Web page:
It is nice to know that anybody who would like to cause a major blackout in California can do so by simply releasing a store bought Metallic (Mylar) balloon into electrical power lines. According to the Los Angeles Times, metallic balloons, which have caused 63 power outages in Burbank since 1993, and can cost businesses $220,000 or more each minute. So Senator Jack Scott (D-Altadena) is spearheading a bill SB 1499 that reads:
The bill prohibits the sale or distribution of “any balloon that is constructed of electrically conductive material, and filled with a gas lighter than air, or any balloon filled with a gas lighter than air that is attached to an electrically conductive string, tether, streamer, or other electrically conductive appurtenance,” beginning on January 1, 2010, violators of the bill are subject to either an infraction or a misdemeanor penalty, as specified.
Hello, these are helium balloon purchased at your local balloon store. Now, if a Las Vegas casino has a grand opening and decides to have a major balloon release and one of those balloons is Mylar — travels into California and finds themselves in California electrical lines, look out, major blackout in California. So we now have to band balloons in every state to save California?
Why is it that politicians like to shutdown small business by enacting laws that should more address the problems of the electrical company not improving their product, but instead looking to pass a bill to hurt the local economy and business?
According to the Los Angeles Times: Scott said he introduced the ban, in Senate Bill 1499, at the request of Burbank officials concerned that businesses, including major movie studios, are losing power too frequently because of balloon-triggered outages.
Major movie studios – which produce mostly poor quality movies, lack imagination and make billions of dollars in revenue. I know little business like myself have backup equipment. Besides, how do these companies run when their out in the jungle shooting the new action adventure move.
They use backup generators!
So spare me Senator Scott if I don’t feel sorry for the multi-million dollar movie studios. I’m more concerned about the small businesses that make the United States successful. Those are the people you should be assisting, not protecting large multi-million dollar companies like the movie studios and electric companies.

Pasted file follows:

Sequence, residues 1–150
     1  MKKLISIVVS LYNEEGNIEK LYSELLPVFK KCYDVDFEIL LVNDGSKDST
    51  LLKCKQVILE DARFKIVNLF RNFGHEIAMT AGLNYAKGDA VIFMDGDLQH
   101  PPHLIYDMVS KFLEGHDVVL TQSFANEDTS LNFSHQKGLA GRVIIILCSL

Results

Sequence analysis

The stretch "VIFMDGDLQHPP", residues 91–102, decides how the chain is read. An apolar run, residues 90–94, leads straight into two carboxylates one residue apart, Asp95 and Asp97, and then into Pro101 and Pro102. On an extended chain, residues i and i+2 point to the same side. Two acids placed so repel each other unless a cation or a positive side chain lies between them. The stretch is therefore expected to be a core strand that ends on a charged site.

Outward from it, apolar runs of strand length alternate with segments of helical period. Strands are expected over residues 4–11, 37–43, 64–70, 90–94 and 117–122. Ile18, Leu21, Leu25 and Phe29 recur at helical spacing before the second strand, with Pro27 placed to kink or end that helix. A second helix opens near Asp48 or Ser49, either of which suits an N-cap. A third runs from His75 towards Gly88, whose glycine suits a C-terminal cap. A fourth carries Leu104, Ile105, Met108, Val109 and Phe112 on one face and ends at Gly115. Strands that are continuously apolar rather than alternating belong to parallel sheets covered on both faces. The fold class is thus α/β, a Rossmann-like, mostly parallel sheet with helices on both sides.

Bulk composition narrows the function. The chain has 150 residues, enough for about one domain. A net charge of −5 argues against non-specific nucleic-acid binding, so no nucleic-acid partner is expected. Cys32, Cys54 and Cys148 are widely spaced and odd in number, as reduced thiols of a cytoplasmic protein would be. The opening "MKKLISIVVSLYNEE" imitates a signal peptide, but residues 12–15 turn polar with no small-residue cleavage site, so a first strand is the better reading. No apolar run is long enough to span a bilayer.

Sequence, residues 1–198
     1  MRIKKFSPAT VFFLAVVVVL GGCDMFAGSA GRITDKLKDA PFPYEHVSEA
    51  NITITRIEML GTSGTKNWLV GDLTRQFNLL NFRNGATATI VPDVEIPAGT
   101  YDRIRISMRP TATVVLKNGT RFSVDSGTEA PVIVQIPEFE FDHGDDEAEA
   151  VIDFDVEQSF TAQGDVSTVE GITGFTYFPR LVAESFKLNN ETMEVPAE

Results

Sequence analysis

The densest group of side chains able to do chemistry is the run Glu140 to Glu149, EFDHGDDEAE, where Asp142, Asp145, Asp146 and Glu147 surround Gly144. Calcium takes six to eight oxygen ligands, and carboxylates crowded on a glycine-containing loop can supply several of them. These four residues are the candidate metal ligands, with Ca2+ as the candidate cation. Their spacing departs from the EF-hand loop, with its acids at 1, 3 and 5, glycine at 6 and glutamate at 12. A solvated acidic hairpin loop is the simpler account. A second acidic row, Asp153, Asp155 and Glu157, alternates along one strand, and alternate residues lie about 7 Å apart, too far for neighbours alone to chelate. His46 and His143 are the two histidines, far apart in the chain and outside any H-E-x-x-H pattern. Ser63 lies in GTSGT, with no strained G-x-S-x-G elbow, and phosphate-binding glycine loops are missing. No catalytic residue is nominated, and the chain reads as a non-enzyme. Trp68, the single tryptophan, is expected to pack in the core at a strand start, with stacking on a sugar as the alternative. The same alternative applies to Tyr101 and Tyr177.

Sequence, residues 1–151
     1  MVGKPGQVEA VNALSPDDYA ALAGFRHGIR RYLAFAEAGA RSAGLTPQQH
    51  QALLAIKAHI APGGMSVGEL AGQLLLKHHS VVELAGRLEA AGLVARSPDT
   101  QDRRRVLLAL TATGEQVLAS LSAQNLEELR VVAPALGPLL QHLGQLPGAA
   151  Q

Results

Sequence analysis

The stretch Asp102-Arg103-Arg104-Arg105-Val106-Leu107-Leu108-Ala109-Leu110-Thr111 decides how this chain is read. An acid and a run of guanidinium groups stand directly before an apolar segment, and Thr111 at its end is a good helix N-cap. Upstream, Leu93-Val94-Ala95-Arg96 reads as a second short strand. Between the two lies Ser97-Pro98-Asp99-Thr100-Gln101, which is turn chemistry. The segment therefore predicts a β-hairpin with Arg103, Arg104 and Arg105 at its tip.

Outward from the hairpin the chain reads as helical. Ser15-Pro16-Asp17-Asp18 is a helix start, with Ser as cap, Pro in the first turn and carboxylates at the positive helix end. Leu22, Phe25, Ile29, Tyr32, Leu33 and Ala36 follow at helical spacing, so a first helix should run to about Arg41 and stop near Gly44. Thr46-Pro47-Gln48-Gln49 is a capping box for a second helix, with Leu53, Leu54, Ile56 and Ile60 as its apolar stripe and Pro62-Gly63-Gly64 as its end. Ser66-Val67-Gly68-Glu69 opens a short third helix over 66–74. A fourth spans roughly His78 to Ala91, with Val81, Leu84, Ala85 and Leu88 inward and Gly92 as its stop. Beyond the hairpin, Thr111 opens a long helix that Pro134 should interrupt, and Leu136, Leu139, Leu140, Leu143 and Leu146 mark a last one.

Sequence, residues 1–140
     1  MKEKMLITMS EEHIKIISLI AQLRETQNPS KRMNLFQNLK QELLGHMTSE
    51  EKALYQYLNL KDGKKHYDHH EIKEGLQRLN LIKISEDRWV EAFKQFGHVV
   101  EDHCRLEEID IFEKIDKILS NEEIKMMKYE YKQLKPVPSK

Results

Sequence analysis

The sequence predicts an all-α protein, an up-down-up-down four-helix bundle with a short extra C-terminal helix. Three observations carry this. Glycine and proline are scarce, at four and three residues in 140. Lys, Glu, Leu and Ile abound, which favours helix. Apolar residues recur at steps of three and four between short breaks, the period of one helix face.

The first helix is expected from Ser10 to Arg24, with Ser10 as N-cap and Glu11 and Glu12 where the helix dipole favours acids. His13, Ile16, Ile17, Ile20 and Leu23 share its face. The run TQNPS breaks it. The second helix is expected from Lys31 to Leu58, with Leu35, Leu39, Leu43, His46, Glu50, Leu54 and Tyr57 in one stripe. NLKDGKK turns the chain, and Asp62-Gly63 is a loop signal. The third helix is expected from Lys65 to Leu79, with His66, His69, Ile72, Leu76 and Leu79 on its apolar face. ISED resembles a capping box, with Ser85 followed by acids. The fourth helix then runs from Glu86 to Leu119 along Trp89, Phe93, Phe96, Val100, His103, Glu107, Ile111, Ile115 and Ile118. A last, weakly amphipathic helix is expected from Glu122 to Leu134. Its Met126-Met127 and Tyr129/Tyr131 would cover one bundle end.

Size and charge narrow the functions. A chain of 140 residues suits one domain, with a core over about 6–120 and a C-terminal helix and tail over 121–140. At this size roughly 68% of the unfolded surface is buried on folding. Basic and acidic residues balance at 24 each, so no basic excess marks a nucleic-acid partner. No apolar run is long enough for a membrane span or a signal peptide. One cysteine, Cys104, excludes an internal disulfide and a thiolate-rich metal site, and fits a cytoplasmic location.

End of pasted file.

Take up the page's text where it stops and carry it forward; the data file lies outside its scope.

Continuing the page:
I think it is time that the balloon community and entertainers of the world united to help defect bill SB 1499 and I’m calling upon the McCain, Clinton, Obama, Governor Schwarzenegger to lobby on behalf of small balloon business thought the US.
YOU WANT OUR VOTE – Help us defeat California Bill SB 1499
If you candidates are really concerned about changing and helping business, then show your support and help us defeat SB 1499. Save small business – bills like these will hurt the local economy. People will simply buy their balloons from neighboring cities or order Mylar balloons online and buy helium at Toy R Us.
Make your voice heard…. We need your help… please email every politician running for any office. Notify every politician if they vote for this bill you will actively campaign against their re-election. We need the entertainment community to help the balloon entertainment business.
Link to this article use trackback link or cut and paste the trackback link into your post or emails.
Contact these people now!
Senator Jack Scott
Other Resources on Bill SB 1499
June 2, 2008
The Los Angeles Times
What’s helium-filled, foil — and harmless?
May 29, 2008
Contra Costa Times
Take air out of this Bill
May 2, 2008
Op-Ed from The Balloon Council
Popping balloons in Sacramento
April 28, 2008
Press Release from The Balloon Council
Criminalizing Balloon Sales Called Silly and Unnecessary
April 24, 2008
The balloon ban mentioned on the Mark Levin Show
The Balloon Council
If your a balloon distributor then you should get in touch with the Balloon Council – The Balloon Council (TBC), an organization of retailers, distributors and manufacturers, was formed in 1990 to educate consumers and regulators about the wonders of foil and latex balloons and the proper handling of them.